One of the new gameplay features in Making History: The First World War is the ability to place naval mines in sea regions. Using the special Minesweeper unit, nations can mine coastal waters for defense measures, or blockade enemy shipping lanes to sink merchant and naval vessels. Sub Minelayers are useful for more stealth actions in enemy waters. Both of the dedicated naval mining units can deploy mines whereas only the Minesweeper can be used to safely remove them.
Naval mining units can lay a limited number of mines on a single turn. Each drop will add to the density of the mine coverage in the targeted sea region. A higher mine coverage increases the likelihood a ship traveling through will be hit. Sea mine effectiveness should be balanced to avoid exploitive potential. No sea region will 100% blocked. However, hitting a mine will inflict critical damage and have a strong chance of sinking the stricken ship.
The German Sub Minelayer is a Type UC II submarine and the SMS Albatross is the German Minelayer/Mine Sweeper unit.
All the major improvements to artillery gameplay have been incorporated into The First World War. Additionally, we’ve reimplemented the artillery spotting feature from The Great War. This provides an accuracy bonus to artillery bombardments when an observation order is active.
British Observation Plane is represented by a Royal Aircraft Factory B.E.2 and the Observation Balloon is a Caquot type.
Any aircraft patrolling a bombardment targeted region can provide the observation bonus. The Observation Plane unit is a non-combat aircraft used specifically for this purpose. These units are useful in the early war period before air combat technology becomes widespread. The Observation Balloon brings an artillery bonus to all artillery groups in the region. While they are highly vulnerable to attacks, since they operate in the region you are firing from, other units can be offer some defense.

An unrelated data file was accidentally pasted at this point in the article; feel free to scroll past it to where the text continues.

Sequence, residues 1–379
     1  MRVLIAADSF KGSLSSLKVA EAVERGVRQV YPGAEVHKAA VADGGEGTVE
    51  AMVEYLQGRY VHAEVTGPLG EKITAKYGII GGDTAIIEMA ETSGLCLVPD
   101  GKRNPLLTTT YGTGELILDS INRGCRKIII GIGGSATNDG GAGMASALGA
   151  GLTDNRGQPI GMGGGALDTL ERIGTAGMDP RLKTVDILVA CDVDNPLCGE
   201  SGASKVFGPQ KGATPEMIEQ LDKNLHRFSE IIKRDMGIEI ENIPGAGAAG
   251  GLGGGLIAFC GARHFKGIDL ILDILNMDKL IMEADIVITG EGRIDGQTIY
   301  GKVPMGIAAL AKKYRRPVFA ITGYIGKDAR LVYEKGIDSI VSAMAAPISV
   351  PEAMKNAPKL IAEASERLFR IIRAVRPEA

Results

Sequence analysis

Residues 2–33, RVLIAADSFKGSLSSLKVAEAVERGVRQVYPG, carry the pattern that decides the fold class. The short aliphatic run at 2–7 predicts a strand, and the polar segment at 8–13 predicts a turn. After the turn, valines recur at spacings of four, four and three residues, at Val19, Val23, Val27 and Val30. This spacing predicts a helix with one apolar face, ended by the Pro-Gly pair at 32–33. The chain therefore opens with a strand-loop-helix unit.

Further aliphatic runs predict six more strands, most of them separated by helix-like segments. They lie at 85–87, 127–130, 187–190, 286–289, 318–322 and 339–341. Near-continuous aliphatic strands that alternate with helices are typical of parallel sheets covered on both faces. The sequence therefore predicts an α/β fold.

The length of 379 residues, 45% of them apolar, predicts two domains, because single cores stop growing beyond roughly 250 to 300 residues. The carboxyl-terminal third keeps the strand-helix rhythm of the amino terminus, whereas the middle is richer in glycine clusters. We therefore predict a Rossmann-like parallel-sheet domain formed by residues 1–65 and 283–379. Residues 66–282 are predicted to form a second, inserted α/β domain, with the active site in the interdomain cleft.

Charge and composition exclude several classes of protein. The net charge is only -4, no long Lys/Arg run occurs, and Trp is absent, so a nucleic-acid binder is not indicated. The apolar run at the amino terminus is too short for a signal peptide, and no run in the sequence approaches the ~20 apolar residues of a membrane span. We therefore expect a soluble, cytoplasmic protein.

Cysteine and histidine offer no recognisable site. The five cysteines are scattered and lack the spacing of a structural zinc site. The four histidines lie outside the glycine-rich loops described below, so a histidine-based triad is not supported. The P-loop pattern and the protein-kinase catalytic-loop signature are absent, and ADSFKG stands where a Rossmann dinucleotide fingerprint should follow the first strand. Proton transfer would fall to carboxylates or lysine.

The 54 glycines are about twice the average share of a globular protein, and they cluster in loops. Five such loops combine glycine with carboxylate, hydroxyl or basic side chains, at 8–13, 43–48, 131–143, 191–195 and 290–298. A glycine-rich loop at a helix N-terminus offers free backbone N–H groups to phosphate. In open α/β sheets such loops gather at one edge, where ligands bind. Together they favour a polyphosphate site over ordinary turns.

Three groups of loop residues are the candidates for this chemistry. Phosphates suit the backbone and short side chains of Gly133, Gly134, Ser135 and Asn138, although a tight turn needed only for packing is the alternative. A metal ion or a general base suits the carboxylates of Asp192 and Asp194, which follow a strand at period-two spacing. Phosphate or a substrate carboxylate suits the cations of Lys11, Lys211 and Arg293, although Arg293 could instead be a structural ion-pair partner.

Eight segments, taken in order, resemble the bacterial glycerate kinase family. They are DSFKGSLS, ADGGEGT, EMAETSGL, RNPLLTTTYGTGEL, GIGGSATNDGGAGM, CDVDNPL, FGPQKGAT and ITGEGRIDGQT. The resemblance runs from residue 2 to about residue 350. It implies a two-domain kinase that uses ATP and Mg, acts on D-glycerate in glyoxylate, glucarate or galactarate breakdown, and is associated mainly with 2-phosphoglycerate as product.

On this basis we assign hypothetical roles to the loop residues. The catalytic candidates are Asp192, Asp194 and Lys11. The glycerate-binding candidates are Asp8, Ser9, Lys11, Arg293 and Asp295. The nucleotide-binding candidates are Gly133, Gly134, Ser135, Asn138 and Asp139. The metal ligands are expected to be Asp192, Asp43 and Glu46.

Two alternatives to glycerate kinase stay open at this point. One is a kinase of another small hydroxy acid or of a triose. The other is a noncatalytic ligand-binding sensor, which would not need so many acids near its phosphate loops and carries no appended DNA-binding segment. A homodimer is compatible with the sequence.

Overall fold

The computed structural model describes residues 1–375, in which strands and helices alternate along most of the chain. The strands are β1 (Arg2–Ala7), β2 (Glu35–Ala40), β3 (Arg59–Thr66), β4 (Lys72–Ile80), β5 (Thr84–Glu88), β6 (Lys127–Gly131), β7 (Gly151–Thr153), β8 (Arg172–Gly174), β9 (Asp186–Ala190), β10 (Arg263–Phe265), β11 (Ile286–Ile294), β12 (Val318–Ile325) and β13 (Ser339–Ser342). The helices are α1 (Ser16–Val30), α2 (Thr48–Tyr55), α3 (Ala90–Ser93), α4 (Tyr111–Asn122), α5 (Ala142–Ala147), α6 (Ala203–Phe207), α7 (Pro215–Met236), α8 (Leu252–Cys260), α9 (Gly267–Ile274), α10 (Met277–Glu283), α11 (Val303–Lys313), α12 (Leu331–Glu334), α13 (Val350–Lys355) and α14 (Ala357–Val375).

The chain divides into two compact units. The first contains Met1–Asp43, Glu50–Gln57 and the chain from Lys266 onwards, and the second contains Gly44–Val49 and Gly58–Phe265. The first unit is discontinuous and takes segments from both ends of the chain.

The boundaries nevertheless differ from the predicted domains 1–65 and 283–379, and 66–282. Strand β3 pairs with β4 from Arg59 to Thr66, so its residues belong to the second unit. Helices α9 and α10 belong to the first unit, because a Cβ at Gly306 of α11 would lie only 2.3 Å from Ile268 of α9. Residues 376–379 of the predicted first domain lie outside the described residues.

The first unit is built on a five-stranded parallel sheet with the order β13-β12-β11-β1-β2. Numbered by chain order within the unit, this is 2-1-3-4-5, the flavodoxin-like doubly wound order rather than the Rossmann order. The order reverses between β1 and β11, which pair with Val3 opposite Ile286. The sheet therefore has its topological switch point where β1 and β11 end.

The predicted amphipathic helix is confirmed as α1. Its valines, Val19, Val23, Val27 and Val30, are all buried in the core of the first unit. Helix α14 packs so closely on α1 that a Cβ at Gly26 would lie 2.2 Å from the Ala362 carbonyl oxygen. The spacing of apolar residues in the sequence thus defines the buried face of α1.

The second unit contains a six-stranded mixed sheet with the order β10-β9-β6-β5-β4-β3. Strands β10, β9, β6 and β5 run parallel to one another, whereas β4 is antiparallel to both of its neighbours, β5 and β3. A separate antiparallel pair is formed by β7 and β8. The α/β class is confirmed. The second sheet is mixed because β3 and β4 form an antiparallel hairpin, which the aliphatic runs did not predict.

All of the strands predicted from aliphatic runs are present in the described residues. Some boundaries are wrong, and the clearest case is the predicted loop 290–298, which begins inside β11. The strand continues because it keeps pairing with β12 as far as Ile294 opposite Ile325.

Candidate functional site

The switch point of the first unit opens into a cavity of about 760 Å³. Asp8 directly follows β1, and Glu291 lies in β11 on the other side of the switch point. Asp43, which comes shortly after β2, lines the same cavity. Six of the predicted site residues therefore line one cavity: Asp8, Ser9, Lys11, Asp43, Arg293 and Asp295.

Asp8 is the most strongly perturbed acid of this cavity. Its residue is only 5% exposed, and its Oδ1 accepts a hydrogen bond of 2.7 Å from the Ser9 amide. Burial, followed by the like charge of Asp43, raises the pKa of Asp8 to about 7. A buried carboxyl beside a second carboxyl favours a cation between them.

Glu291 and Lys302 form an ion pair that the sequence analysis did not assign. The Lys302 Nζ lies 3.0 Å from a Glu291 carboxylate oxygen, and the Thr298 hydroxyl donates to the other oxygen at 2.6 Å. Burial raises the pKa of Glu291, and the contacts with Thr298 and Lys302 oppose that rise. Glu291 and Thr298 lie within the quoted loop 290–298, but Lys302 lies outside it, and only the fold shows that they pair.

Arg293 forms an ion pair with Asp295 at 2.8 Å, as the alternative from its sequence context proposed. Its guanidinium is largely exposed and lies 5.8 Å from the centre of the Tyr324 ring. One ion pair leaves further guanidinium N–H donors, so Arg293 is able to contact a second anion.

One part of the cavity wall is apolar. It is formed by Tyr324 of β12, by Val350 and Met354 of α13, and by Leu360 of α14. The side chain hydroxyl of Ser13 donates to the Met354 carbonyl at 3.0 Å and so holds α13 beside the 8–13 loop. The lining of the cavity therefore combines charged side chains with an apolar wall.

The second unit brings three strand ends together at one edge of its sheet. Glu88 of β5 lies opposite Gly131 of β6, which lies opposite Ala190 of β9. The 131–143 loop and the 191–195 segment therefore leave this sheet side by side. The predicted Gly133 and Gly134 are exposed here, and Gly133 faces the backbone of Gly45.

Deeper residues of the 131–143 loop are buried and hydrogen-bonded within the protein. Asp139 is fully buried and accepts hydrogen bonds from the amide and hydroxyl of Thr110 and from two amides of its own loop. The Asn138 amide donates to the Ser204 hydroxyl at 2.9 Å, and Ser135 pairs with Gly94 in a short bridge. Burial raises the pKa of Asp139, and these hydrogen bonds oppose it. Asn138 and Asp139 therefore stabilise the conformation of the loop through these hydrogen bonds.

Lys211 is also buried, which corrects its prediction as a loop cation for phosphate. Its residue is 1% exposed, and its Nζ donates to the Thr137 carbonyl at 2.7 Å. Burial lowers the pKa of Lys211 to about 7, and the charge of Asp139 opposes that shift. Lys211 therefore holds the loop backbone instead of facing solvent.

Work on all the new aircraft unit models is almost complete. There is a wide variety of unit types representing historically important planes, ships, tanks and artillery.
Italian bombers models represented by the Savoia-Pomilio SP.3 and Caproni Ca.3.
To avoid making a hard choice between quality and quantity, we’ve put larger focus on creating more surface detail without increasing the texture resolution or model weight. These screenshots show the models significantly larger than they look in-game. The unit models will look even better the game and support other improvements to the game environment.